Weibo will become the Singapore of microblogging networks – it’s clean, it works, it borrows heavily from the West, but maintains strict control. And feels stifling to anyone not a native.

The same walled garden that China has built to keep questionable foreign Internet companies out will in turn hobble its own Internet companies from reaping open fields abroad.

Monetization

At the Global Mobile Internet Conference in Beijing last April, Sina CEO Charles Chao expressed six ways to monetize Weibo:

  • Targeted advertising
  • Social games
  • Real-time search
  • Value-added services
  • E-commerce
  • Data analysis

For the time being, however, Chao is gunning for growth over profits. “Our priority right now is more focused on product and trying to make the platform bigger,” he told CNN.

Goldman Sachs predicts that by 2012 Sina Weibo will have revenue of $21 million. EMarketer analyst Debra Aho Williamson reports that Twitter ad sales could hit $250 million in 2012.

Twitter rakes in most of its revenue from targeted advertising such as sponsored tweets, sponsored trending topics and promoted accounts, while Weibo has advertising and applications as its two main streams. However, even if Weibo surpasses Twitter in user count, which it will, the majority of its users will still be in China and not worth as much to marketers. Twitter, on the other hand, has access to global online ad dollars.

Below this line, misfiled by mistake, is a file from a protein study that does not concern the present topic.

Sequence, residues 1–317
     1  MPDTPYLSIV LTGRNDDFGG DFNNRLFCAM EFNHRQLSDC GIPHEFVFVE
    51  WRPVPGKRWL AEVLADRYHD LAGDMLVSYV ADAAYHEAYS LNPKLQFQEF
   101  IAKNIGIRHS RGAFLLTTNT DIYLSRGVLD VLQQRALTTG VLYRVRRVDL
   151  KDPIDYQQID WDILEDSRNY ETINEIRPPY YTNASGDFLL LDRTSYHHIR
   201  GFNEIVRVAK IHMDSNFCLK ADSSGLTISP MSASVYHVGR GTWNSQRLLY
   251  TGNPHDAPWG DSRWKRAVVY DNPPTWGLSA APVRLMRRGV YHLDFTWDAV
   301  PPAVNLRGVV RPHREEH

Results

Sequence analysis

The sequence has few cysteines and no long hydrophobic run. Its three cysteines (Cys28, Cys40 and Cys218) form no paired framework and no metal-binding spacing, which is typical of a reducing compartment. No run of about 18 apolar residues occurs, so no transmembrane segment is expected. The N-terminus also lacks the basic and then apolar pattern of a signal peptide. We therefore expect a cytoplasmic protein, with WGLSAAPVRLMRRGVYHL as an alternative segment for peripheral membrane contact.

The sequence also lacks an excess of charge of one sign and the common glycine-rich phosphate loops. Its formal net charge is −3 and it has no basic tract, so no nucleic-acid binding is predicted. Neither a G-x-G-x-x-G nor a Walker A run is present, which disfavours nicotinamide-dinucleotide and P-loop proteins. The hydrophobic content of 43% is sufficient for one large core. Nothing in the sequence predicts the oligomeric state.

A final difference to note is Sina’s embrace of the developer community to foster a vibrant Weibo ecosystem, as opposed to Twitter’s more measured approach with the developer community. Last November, Weibo launched a $30 million fund with IDG and Sequoia for developers to create third-party applications for Weibo. There are already over 1,000 mobile apps on the Weibo platform.

Could Weibo Take Market Share From Twitter?

Weibo’s additional functionality has been a driver of its growth and could potentially make it an attractive alternative to Twitter. However, with any new social network, including Google+ today, there is a chicken-and-egg problem of users not going there until there are compelling people to connect to. Weibo will benefit from American celebrities already using its network, but those same celebrities are also on Twitter, unlike the Chinese celebrities where Weibo was the only place to find them microblogging.

Content providers will likely embrace Weibo as just another distribution outlet, and will likely use the greater functionality to provide things on Weibo that they aren’t able to do on Twitter, which will also drive people to test the new social network.

But greater functionality could be a double-edged sword, as many people may find Weibo just a mashup of Facebook and Twitter, two services they are already happy with.

In any case, Weibo is coming, and people will try it. Whether or not it takes off and presents a credible threat to Twitter’s microblogging dominance outside of China remains to be seen, but it could certainly happen. At the very least, Weibo will likely force Twitter to think more deeply about its product, which will be good for the Twitter ecosystem.


A version of this report also appeared in Wedbush Securities’ The Second Internet newsletter.